It is estimated that between two thirds and three quarters of the Bhutanese population follow Vajrayana Buddhism, which is also the state religion. About one quarter to one third are followers of Hinduism. Other religions account for less than 1% of the population. The current legal framework, in principle guarantees freedom of religion; proselytism, however, is forbidden by a royal government decision and by judicial interpretation of the Constitution.
Buddhism was introduced to Bhutan in the 7th century AD. Tibetan king Songtsän Gampo (reigned 627–49), a convert to Buddhism, ordered the construction of two Buddhist temples, at Bumthang in central Bhutan and at Kyichu (near Paro) in the Paro Valley. Approximately two-thirds to three-quarters of the population practice Drukpa Kagyupa or Ningmapa Buddhism, both of which are disciplines of Mahayana Buddhism. Approximately one-quarter of the population is ethnic Nepalese and practice Hinduism. Christians, both Roman Catholic and Protestant, and non-religious groups comprise less than 1 percent of the population.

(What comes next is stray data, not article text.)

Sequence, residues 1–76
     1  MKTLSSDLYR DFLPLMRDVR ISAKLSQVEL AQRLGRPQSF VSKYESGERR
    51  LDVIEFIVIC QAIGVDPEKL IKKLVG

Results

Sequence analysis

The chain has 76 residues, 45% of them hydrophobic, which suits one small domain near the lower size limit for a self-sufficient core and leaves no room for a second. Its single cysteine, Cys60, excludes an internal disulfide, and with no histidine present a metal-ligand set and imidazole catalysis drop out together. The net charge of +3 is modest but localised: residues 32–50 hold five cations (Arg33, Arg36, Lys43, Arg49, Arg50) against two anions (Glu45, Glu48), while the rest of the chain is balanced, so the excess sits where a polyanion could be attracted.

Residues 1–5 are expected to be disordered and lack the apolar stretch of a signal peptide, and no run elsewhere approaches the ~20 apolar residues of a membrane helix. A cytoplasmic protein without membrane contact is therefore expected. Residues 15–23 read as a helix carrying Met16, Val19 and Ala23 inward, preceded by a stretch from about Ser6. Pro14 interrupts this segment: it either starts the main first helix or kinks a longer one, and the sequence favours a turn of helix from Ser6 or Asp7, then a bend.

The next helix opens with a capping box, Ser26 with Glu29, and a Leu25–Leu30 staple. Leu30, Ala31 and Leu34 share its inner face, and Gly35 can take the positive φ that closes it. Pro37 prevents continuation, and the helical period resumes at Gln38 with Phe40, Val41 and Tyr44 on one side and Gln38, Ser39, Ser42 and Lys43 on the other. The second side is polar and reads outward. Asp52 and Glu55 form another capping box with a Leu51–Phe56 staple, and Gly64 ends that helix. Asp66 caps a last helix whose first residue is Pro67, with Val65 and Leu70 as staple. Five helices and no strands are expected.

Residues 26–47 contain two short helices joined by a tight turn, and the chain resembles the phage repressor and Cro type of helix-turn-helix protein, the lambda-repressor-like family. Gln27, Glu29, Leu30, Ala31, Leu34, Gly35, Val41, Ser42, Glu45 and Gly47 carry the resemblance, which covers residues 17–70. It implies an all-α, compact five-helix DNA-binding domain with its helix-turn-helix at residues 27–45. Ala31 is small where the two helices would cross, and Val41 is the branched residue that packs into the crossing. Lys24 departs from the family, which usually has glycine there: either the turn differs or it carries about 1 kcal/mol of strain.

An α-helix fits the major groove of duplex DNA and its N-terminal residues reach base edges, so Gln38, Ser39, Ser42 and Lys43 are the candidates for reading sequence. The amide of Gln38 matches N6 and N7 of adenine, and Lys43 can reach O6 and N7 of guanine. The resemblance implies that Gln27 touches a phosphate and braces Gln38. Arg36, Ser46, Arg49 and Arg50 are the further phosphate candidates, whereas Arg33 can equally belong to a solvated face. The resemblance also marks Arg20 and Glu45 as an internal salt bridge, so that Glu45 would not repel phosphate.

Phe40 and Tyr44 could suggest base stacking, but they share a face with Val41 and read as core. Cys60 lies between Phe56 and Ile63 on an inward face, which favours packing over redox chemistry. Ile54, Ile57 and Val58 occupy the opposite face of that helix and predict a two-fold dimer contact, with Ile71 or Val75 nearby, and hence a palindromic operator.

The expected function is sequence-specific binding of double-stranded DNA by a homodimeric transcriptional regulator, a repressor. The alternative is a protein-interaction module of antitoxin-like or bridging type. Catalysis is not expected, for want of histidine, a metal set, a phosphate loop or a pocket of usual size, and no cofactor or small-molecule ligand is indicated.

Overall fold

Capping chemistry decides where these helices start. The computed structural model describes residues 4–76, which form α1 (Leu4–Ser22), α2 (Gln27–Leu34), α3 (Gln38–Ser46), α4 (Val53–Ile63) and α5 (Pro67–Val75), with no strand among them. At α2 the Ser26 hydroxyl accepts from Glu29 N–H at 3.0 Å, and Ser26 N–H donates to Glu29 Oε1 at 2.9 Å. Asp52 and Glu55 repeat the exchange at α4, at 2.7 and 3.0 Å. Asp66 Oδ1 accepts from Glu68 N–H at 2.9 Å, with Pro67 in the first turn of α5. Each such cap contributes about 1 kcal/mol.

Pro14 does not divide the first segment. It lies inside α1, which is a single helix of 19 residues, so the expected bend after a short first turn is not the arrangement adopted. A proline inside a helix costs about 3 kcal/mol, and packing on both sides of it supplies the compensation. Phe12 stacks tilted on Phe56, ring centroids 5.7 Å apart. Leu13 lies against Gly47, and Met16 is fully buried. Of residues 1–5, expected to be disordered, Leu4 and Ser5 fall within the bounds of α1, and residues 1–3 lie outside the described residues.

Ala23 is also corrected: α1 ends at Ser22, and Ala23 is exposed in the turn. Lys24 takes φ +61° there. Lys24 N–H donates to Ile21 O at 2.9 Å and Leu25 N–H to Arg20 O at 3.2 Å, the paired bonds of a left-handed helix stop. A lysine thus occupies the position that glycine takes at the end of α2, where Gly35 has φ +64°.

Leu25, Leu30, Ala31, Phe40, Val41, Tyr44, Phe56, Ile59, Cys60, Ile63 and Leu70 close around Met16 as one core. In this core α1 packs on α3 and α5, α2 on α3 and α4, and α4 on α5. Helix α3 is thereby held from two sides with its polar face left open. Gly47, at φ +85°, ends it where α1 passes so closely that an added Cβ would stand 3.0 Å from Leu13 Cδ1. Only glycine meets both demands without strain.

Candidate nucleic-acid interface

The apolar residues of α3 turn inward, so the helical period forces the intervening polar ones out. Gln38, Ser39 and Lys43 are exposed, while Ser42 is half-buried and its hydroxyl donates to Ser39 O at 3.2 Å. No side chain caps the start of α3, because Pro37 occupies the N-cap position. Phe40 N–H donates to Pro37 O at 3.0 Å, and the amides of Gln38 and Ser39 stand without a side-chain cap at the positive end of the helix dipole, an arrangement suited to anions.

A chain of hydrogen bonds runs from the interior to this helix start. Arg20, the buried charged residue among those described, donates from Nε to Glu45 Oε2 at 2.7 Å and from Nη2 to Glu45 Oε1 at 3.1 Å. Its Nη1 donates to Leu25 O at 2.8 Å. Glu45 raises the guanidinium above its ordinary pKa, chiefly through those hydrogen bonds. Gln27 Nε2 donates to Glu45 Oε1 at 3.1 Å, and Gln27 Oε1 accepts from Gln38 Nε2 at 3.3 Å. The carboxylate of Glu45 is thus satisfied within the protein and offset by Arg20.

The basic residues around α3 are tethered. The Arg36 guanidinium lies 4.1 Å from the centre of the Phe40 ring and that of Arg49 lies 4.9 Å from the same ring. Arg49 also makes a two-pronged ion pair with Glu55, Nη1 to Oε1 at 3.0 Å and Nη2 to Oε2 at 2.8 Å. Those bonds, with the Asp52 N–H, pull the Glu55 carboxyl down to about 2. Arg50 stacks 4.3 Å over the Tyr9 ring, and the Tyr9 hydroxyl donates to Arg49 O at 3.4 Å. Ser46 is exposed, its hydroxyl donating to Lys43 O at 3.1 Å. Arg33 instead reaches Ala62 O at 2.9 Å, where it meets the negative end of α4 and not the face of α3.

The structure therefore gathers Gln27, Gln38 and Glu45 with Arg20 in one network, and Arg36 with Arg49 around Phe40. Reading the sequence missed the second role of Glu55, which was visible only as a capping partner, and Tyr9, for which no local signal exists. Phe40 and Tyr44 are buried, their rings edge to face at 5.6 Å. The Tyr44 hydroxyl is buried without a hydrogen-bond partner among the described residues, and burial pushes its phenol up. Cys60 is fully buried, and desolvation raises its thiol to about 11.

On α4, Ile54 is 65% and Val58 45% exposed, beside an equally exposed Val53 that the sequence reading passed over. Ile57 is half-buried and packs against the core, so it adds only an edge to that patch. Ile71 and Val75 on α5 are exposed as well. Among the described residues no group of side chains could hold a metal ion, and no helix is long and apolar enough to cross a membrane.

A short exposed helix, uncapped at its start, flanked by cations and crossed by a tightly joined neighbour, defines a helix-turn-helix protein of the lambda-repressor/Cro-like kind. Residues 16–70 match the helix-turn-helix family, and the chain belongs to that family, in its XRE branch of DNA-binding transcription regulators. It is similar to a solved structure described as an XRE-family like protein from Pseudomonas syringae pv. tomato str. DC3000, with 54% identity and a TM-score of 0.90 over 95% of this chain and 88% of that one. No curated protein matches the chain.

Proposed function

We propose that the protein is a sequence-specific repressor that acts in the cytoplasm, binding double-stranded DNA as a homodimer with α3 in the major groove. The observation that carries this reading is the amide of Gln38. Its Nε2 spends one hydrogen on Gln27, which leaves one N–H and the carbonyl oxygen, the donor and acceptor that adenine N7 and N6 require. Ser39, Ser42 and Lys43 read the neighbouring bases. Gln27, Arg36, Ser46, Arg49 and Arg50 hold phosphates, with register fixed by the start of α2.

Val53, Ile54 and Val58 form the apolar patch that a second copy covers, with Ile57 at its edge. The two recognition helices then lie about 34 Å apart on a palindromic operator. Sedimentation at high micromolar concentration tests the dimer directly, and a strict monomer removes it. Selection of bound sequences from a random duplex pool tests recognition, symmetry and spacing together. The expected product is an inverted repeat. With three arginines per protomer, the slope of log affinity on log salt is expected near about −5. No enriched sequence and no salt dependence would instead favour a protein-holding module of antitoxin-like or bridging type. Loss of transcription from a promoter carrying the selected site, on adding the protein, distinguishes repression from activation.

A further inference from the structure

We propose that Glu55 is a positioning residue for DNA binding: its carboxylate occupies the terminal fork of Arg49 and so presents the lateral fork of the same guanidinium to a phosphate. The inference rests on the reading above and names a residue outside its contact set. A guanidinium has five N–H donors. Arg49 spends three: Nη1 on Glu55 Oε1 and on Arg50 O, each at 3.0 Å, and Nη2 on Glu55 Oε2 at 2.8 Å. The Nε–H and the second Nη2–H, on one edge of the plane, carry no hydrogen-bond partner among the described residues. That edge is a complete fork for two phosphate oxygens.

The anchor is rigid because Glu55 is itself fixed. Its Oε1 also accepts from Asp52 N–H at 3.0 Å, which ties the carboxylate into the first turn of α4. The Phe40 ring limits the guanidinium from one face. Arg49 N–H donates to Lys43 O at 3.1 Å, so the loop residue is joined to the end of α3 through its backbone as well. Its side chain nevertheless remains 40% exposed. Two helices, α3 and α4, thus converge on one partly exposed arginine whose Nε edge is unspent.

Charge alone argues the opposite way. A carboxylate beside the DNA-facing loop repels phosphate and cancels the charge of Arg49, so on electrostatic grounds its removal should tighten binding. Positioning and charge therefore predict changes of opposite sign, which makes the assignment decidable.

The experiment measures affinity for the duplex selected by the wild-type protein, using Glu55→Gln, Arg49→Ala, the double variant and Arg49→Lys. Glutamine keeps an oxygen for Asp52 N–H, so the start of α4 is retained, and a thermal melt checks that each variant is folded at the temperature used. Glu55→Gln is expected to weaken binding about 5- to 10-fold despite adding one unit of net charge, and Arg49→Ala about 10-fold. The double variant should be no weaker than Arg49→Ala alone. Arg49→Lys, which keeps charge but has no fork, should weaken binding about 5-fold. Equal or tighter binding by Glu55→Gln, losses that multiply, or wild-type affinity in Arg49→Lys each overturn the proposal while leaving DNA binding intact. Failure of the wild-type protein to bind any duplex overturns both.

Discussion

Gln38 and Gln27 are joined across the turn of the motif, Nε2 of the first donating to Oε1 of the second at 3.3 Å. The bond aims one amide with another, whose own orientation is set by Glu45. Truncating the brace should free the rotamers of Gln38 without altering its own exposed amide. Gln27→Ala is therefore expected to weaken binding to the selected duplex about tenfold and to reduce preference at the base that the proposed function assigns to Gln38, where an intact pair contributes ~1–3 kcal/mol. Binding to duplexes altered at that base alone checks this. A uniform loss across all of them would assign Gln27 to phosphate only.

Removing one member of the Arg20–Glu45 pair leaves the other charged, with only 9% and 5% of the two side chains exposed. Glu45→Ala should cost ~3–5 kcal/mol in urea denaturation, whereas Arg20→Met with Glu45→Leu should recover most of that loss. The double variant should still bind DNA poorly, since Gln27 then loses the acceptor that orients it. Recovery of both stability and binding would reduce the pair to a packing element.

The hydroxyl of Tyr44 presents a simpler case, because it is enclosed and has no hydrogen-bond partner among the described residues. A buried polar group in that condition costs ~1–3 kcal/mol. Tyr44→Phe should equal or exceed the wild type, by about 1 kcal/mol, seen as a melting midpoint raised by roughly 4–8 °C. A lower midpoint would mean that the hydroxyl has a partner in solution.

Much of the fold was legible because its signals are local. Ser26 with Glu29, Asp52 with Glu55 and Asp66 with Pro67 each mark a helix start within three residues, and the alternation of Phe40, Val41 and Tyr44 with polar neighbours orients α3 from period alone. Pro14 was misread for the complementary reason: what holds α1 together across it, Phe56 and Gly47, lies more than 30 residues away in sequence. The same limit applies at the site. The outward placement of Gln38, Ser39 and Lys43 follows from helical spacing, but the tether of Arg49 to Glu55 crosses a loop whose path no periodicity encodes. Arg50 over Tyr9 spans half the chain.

Cradled in the folds of the Himalayas, Bhutan has relied on its geographic isolation to protect itself from outside cultural influences. A sparsely populated country bordered by India to the south and China to the north, Bhutan has long maintained a policy of strict isolationism, both culturally and economically, with the goal of preserving its cultural heritage and independence. Only in the last decades of the 20th century were foreigners allowed to visit the country, and only then in limited numbers. In this way, Bhutan has successfully preserved many aspects of a culture which dates directly back to the mid-17th century.
Modern Bhutanese culture derives from ancient culture. This culture affected the early growth of this country. Dzongkha and Sharchop, the principal Bhutanese languages, are closely related to Tibetan, and Bhutanese monks read and write the ancient variant of the Tibetan language known as chhokey. Bhutanese are physically similar to the Tibetans. Himalayas and settled in the south-draining valleys of Bhutan. Both Tibetans and Bhutanese revere the tantric guru Padmasambhava the founder of Himalayan Buddhism in the 8th century. Bhutanese Music has traditional genres such as Zhungdra, Boedra, and a modern genre called Rigsar. Bhutanese musicians include: Jigme Drukpa, who is also a leading Bhutanese musicologist.